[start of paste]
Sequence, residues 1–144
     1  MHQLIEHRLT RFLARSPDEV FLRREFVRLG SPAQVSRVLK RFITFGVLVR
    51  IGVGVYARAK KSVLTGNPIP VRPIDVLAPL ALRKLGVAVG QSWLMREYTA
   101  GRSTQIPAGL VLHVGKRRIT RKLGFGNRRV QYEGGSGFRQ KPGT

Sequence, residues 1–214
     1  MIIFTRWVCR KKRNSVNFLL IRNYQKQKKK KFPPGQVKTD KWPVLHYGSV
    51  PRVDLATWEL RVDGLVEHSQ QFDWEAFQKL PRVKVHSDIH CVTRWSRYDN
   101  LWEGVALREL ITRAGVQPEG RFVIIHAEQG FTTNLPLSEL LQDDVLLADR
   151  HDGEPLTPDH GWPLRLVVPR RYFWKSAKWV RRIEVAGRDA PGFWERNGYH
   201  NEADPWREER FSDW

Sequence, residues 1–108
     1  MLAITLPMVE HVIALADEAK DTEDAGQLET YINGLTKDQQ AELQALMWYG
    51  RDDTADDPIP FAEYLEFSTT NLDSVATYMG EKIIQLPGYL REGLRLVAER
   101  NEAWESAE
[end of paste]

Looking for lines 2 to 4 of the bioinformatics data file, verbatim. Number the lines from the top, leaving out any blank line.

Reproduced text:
     1  MHQLIEHRLT RFLARSPDEV FLRREFVRLG SPAQVSRVLK RFITFGVLVR
    51  IGVGVYARAK KSVLTGNPIP VRPIDVLAPL ALRKLGVAVG QSWLMREYTA
   101  GRSTQIPAGL VLHVGKRRIT RKLGFGNRRV QYEGGSGFRQ KPGT